Ground plastic flakes fall from a machine at a PET recycling plant in Toluca, Mexico, in 2019. Alejandro Cegarra/Bloomberg

Most gamblers looking for action in Las Vegas head for the Strip, but the biggest bet to watch these days is on the edge of town. There, a vast new complex will take plastic waste from across the West and process it into high-quality material that manufacturers can turn back into water and soda bottles or other food-grade packaging.

Republic Services Inc., one of the nation’s largest trash haulers, opened the new 75,000-square-foot Polymer Center on Tuesday. Republic says it has invested 70 million dollars in the plant on the belief that there’s a growing US market for recycled PET flake. PET, or polyethylene terephthalate, is the light, transparent plastic used in soda and water bottles.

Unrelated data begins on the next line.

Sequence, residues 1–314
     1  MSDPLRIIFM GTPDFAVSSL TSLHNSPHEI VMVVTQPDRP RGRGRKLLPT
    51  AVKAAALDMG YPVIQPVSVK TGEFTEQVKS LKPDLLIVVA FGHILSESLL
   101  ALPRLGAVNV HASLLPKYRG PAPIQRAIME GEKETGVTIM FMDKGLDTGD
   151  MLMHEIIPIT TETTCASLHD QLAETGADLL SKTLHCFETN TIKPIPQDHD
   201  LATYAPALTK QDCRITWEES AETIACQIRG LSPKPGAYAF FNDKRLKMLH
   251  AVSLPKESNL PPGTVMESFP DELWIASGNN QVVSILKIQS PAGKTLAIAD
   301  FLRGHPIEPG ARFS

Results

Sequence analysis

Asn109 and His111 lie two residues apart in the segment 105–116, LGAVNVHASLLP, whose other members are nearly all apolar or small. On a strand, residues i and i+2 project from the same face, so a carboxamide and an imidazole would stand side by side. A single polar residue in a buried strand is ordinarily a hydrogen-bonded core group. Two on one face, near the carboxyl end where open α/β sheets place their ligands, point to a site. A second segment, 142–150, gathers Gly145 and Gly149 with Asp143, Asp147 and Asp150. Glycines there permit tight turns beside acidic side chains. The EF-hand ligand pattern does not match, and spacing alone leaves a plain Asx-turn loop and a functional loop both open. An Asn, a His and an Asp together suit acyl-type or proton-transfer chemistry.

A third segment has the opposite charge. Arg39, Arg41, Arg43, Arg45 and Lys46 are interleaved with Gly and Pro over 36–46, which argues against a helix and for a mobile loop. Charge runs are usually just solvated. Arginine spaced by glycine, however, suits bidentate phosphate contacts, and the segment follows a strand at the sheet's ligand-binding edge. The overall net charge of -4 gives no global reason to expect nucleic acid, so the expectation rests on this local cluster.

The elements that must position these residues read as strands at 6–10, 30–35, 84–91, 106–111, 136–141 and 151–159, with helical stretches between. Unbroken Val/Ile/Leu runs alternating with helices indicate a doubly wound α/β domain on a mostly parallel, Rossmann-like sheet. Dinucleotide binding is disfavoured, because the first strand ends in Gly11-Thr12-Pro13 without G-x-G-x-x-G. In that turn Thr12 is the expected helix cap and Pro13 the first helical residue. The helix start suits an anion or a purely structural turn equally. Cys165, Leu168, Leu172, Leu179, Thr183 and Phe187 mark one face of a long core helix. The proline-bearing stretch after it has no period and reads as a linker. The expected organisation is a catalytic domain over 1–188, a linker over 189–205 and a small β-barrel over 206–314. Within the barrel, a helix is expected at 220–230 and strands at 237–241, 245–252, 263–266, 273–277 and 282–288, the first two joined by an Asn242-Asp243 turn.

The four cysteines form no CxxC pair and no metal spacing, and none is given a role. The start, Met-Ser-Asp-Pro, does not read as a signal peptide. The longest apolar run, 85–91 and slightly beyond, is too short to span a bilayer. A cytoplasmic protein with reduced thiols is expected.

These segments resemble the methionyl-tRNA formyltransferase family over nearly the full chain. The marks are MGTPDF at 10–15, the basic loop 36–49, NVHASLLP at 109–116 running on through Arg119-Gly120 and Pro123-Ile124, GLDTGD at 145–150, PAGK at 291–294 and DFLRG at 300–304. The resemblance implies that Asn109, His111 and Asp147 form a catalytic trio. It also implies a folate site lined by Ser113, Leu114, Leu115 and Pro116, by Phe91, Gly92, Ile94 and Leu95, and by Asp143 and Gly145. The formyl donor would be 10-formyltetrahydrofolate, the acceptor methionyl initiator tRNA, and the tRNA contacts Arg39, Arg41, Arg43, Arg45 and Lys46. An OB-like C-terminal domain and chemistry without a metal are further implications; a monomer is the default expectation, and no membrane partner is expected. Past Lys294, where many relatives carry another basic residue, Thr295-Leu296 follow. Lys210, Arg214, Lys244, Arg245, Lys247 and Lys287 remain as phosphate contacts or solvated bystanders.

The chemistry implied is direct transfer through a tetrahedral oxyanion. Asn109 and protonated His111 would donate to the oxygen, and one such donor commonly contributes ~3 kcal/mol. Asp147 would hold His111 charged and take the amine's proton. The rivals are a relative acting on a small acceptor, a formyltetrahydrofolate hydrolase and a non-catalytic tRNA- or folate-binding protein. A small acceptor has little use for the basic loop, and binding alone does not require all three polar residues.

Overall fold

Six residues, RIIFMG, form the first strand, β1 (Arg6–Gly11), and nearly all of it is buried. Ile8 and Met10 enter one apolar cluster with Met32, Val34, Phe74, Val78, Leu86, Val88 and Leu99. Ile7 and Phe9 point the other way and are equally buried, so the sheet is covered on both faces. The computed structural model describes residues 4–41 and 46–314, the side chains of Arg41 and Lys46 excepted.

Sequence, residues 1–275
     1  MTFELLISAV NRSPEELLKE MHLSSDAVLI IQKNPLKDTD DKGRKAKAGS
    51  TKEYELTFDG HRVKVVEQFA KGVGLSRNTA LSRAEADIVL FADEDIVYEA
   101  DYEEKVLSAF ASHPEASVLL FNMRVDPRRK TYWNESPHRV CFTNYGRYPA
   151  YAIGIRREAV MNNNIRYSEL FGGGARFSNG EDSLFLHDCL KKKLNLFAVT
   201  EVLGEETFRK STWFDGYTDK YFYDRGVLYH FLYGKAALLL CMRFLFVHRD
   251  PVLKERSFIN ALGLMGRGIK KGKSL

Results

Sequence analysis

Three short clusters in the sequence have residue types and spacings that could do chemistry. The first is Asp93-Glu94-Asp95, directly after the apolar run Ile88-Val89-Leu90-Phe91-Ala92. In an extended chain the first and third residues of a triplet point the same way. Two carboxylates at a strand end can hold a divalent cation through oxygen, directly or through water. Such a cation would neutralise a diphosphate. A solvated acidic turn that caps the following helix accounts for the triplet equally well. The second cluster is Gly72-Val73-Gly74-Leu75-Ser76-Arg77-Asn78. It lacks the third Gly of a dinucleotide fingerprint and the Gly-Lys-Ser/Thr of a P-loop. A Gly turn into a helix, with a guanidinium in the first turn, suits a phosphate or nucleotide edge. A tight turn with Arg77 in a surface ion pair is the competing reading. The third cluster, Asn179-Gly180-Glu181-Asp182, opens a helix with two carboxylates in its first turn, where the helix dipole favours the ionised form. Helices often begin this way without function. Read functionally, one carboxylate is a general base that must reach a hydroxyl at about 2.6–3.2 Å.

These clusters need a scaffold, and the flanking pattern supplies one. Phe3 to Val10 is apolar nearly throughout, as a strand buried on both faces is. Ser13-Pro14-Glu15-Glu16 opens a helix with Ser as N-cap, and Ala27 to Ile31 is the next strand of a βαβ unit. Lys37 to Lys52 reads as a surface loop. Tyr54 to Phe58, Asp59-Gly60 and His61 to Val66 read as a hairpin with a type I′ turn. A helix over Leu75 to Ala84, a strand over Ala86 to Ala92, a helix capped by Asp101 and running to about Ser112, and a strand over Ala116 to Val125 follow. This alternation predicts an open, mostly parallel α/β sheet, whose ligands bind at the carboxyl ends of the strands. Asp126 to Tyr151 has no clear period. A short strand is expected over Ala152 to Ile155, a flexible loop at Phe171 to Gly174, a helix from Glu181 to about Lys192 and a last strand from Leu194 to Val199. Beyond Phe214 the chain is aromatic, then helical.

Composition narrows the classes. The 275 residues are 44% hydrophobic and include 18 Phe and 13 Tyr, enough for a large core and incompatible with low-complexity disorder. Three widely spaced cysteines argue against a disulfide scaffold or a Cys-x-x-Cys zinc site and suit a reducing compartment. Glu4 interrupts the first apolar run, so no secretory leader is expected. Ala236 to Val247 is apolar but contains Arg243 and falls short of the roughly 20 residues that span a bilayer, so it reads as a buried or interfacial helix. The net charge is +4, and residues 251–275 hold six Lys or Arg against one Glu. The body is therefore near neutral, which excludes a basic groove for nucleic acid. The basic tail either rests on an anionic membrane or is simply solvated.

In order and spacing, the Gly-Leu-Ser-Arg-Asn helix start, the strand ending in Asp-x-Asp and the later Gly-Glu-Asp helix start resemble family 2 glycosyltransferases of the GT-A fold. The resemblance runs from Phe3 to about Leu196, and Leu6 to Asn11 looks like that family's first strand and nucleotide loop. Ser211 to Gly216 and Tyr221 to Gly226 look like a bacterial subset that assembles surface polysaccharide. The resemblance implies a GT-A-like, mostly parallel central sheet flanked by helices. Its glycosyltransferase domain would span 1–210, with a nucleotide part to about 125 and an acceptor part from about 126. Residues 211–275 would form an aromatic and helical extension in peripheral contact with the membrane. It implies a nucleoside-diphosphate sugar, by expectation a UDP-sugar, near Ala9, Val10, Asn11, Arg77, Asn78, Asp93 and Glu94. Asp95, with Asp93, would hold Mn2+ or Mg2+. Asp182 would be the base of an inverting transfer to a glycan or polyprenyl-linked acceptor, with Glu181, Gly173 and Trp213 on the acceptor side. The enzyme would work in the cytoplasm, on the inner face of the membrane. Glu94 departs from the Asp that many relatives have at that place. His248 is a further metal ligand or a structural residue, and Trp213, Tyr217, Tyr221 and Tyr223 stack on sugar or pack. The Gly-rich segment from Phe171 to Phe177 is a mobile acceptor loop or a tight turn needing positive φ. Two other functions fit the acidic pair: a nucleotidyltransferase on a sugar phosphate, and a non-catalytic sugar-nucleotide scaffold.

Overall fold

Every year, the US generates roughly 40 million tons of plastic, and at best, less than 9% of it is recycled. PET is recycled more than most types of plastic, at a rate of about 30%, according to figures from the Environmental Protection Agency. Yet that 30% ceiling has remained stubborn. When PET is reused, it’s often “downcycled” into carpets or clothing rather than turned back into food-grade plastic, as it is at the new Republic facility.